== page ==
I tried every way to salivate. I licked my upper lip, and my tongue left a small abrasion beneath my nose. I thought of my neighbor’s wife in a red sun dress. Still, I could not salivate.
After some wandering I came upon a dowsing rod. It was a sturdy, forked, white twig. I picked it up and felt a heaviness tugging me in the forward direction. I followed the weighted tip of the dowsing rod for only a few moments in what seemed like circles to the shoulder of a highway. I then looked down to realize that the thing was not a twig but the antler of a deer.
Given the cursed circumstances, I decided to wave my thumb at the passing traffic but the drivers paid no mind, perhaps moving so quickly the peripheral world was but thread and peripheral. Or, likely, they were turned off by the thing in my hands. I thought to call out the passersby; however, any motion of the rough tongue inside my throat threatened to split my neck down the center. The antler, my lifeline, I pointed at the forest and begged it to show me water. My tongue was so dry it was filing my front teeth to stumps.
I considered I was nearing death. I thought of rare tuna and rosemary potatoes and the behind the knees of my boss, who is a woman. Still, my mouth would not produce saliva. The day sun was milking my pores for moisture. Yet, I did not perspire. The weight of certain death settled on me and I wondered: if a hunter happened upon my bones where would they lead him?
I reentered the forest shade and began to remove my clothing so that, in the event of sudden collapse, my remains could be discovered most easily. I hung my garments from a low tree branch. The forest was heavy with shadow at this evening time and the chilled air set my pubic hair on end. In fact, I quite liked the feeling. I tried one last time to wet my mouth: I thought of blood orange gelatin. I pressed the palm of my hand to my tongue and the effort was unproductive.
I laid my body upon the ground among the sticks and arranged my limbs in a tall stack. My insides would be found in a tidy pile crowned by the set of antlers. Perhaps I would be mistaken for a deer that walked upright. I closed my eyes and welcomed death, anything to rid me of unwanted sensations.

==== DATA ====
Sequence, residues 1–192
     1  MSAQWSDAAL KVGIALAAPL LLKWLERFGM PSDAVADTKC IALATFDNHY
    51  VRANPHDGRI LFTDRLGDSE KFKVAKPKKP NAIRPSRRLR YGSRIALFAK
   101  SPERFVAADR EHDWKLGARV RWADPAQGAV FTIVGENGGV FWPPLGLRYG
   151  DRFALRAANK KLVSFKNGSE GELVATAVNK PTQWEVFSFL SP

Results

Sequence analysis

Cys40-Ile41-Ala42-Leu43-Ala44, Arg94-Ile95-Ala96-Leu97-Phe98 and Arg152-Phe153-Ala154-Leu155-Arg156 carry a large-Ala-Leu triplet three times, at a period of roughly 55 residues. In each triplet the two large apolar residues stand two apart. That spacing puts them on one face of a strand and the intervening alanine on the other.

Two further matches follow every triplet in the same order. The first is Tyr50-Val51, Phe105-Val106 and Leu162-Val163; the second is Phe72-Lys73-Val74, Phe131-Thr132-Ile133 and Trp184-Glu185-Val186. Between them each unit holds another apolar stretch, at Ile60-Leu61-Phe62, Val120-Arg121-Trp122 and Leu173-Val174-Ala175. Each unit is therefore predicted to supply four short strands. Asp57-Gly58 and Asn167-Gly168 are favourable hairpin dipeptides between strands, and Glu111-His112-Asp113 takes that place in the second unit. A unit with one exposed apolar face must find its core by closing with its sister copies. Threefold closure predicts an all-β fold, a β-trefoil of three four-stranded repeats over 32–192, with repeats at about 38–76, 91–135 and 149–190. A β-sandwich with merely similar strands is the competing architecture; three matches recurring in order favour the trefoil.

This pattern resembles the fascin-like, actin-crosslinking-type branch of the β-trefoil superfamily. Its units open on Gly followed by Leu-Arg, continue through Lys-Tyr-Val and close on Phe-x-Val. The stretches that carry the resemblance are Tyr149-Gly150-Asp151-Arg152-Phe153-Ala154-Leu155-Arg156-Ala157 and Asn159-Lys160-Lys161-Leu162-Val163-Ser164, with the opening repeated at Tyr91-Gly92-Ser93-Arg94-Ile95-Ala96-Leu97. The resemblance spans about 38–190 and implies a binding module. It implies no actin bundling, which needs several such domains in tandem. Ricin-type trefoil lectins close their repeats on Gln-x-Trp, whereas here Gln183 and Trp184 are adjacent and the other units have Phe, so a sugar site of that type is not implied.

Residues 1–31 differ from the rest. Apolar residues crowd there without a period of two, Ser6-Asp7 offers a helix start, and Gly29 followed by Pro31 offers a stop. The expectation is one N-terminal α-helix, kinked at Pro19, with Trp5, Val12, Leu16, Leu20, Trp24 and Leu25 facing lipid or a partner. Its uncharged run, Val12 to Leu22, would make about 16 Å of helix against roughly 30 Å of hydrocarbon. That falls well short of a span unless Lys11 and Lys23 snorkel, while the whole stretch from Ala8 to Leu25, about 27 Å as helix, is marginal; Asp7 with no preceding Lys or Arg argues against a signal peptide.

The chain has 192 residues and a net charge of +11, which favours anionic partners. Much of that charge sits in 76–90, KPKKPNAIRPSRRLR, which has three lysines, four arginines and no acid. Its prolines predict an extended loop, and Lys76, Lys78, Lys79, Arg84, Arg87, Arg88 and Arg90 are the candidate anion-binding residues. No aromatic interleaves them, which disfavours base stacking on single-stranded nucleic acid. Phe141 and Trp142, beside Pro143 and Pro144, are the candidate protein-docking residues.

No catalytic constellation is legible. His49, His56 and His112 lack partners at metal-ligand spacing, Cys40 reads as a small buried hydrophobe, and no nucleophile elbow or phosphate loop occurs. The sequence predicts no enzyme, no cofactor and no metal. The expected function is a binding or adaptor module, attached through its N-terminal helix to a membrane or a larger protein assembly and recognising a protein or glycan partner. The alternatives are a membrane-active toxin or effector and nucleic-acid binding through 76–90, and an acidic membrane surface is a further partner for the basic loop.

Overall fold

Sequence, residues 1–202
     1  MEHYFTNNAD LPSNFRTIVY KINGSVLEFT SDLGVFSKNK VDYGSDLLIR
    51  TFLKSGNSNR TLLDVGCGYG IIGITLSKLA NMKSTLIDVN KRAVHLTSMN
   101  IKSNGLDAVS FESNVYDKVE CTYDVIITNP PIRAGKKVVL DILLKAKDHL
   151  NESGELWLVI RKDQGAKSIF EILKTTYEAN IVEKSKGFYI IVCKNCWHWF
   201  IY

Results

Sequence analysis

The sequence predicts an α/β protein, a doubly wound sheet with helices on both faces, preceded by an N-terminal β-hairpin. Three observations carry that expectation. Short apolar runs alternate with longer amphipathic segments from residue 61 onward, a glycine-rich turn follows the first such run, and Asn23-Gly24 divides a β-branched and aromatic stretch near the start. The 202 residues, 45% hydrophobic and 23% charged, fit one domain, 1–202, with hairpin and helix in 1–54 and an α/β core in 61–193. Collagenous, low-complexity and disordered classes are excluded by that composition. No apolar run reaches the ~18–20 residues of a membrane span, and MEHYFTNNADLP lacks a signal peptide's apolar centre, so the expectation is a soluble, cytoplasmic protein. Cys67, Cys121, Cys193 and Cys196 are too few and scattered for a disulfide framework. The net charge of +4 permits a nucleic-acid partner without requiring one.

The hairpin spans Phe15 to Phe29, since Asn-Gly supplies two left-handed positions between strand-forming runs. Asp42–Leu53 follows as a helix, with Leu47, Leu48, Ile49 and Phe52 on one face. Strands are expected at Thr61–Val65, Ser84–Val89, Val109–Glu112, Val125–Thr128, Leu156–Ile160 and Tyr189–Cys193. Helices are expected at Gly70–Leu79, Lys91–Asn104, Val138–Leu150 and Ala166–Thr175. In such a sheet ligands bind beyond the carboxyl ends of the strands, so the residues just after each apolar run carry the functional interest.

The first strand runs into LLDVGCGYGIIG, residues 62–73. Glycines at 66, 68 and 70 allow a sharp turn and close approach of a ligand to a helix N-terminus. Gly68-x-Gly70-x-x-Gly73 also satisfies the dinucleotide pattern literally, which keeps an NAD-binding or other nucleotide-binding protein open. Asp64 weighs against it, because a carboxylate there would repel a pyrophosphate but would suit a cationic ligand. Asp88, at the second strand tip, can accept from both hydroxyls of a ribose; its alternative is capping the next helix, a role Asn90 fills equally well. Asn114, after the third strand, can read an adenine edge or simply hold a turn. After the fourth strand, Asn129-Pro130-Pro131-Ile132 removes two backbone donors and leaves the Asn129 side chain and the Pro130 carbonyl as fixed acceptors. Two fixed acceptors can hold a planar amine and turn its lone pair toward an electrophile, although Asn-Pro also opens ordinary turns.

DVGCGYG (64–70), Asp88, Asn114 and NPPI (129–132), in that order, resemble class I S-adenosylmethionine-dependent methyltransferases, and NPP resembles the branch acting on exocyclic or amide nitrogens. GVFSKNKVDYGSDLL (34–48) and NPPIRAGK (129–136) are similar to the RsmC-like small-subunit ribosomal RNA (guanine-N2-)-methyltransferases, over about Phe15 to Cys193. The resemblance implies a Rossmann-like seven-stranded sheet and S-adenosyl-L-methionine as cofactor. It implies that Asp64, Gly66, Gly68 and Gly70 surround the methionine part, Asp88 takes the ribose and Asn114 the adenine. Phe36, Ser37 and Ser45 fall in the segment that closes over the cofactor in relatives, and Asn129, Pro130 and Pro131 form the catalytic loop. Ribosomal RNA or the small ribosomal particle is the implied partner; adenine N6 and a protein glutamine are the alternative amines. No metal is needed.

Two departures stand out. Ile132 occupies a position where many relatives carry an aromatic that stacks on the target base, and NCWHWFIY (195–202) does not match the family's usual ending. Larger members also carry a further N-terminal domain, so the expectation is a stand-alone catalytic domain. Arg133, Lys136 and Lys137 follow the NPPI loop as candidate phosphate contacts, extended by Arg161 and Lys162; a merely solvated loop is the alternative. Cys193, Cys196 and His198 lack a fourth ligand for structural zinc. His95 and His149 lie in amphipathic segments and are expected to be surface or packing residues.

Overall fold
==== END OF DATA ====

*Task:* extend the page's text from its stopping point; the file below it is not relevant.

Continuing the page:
I was woken, who knows how much later, by two patchy dogs with coats like young beards—one dog blonde and one dog blonder—each gently chewing the contour of my Achilles. I shook the pups from my leg and held out my tongue inviting them to lick it. Now, this might be a rude detail: they did so and I felt neither loved nor lucky but the feeling was not unpleasant.
The dogs were bound to one another by knotted leashes. I stood and wrapped the knot securely around my left wrist. I asked the dogs to walk me home. Or, they asked me to walk them home. I can’t remember now, I was quite thirsty. I spoke, Onward, and the dogs began walking in opposite directions of each other. They were identical, except for color, so as one pulled east and the other west and as I backwards—intending to bring them towards me because there is comfort in proximity to even opposing things—we were stuck in place trying to move but going nowhere at all. I had an idea then. The dowsing rod, the deer antler, was tight in my right hand and I thought to throw it straight ahead of me. I did so and the two dogs took off in its direction, dragging me behind. The skin of my genitals too thirsty to ache or to bleed. Bones rattling along. Tree shadow slicing our caravan into slim pieces. The trees taunting, full of moisture. Envy, I considered, is a form of admiration. And at that moment, everything I loved was a tree. The two dogs stopped when they reached the antler and began urinating upon the thing. I dropped the leash then. I buried my fingers and feet in the soft dirt and still I was thirsty, but I was not at all bored.
Taylor McGill lives in NJ, for now. Her fiction appears in matchbook, Timber, and Metazen. Her minimal web presence can be found here: she-biscuit.tumblr.com.